Tuesday, 24 October 2017

TOUGH CODE OF CONDUCT FOR MPs

THE new code of ethics for parliamentarians tabled last week in the National Assembly by Kuwadzana East MP Nelson Chamisa (MDC-T) carries stringent requirements binding MPs to even declare their foreign trips.

“Interests to be disclosed include the undertaking of all travel abroad (including a brief description of the journey and sponsor) other than personal visits paid for entirely by the MP himself or herself, business visits unrelated to the member’s role as a public representative, or formal visits paid for by the member’s political party, provided that a registrable visit may be entered in the confidential part of the register,” part of the code reads.

MPs are also supposed to declare receipt and source of a pension of any description, whether funded privately or publicly, provided that the value must be disclosed in the confidential part of the register.

Chamisa, who chairs the Parliamentary Committee on Code of Conduct and Ethics, said the new regulations were based on seven principles of selflessness, integrity, objectivity, accountability, openness, honesty and leadership.

MPs are supposed to disclose how they make public appointments, award contracts, recommend individuals for benefit, their land and property, consultancies, directorship and partnerships, and other employment outside Parliament.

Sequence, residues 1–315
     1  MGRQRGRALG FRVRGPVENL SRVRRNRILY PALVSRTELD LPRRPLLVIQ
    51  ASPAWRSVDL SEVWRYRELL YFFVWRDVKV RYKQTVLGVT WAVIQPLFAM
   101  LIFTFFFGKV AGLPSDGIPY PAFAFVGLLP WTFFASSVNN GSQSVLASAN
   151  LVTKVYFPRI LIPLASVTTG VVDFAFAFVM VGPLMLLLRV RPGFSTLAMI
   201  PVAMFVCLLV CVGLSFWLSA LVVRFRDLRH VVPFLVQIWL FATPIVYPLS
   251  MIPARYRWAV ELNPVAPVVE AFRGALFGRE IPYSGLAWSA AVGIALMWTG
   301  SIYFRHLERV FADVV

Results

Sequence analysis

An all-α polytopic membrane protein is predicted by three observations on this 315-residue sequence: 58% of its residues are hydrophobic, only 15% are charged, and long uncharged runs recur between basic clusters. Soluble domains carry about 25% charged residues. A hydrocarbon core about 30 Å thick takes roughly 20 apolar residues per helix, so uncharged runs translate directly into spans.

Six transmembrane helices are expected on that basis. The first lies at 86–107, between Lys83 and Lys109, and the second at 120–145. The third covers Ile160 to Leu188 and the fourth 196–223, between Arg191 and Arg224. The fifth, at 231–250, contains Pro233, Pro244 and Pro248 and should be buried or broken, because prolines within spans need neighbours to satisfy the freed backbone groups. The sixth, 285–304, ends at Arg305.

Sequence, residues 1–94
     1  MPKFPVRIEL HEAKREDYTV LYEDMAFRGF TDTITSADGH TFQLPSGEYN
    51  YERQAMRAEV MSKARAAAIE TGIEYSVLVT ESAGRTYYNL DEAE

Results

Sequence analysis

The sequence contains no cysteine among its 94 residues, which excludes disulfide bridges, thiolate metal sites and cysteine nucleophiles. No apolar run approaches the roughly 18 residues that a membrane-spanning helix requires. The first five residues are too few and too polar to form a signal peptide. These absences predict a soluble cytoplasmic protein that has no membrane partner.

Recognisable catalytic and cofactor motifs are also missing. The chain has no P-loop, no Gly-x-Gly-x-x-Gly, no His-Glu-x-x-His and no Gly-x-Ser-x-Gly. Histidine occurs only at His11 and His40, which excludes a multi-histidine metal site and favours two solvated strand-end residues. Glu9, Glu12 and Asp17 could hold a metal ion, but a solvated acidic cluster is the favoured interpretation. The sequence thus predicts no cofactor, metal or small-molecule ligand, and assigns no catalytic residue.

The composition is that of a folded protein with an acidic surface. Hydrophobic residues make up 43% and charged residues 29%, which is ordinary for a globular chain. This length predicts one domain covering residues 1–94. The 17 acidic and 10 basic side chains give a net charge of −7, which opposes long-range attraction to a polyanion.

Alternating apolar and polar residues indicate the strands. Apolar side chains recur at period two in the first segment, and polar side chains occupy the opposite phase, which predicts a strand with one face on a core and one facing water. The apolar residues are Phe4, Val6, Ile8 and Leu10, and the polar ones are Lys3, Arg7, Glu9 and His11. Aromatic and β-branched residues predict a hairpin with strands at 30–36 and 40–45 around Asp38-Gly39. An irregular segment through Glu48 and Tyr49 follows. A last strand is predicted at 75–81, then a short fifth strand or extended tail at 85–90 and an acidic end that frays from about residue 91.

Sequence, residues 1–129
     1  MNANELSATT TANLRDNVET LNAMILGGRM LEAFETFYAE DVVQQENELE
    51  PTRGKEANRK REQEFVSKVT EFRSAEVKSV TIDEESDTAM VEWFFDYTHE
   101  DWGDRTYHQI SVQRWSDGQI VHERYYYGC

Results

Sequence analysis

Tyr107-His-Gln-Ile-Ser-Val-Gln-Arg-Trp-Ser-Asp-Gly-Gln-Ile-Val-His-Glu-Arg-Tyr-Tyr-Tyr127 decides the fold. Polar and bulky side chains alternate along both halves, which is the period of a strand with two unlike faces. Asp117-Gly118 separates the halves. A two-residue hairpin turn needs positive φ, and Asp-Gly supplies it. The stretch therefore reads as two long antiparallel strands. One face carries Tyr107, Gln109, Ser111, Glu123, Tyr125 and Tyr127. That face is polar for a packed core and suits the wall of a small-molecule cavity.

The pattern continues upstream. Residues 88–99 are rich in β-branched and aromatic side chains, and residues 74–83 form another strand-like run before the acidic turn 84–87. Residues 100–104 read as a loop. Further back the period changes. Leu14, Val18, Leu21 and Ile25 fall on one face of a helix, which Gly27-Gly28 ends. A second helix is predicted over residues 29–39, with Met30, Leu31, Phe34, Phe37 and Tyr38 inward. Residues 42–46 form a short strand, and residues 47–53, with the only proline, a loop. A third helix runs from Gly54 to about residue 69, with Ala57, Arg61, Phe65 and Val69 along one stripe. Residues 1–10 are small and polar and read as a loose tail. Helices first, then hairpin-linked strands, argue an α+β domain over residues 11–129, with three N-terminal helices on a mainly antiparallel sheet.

MPs are also supposed to declare the number, nature, nominal value and company in which they hold any type of shares in any public or private company, provided that propriety interests held in any other corporate body recognised by law must be disclosed in the confidential part of the register.

On sponsorship, they must declare the source, description and extent of the provision of the financial sponsorships or assistance directly to an MP from non-party sources.

“MPs must declare the receipt, description value and source of any gift with a value in excess of $4 500, or gifts from a single source which cumulatively exceed the value of $4 500, including such gifts and hospitality from an external source to a spouse, permanent companion or dependent child of an MP, provided that personal gifts within the family and hospitality of a specifically traditional or cultural nature need not be disclosed,” the code of ethics
reads.


Members of the public will be allowed to inspect the register and raise concern if the MPs are seen as acting unethically. MPs are yet to approve the proposed code. newsday

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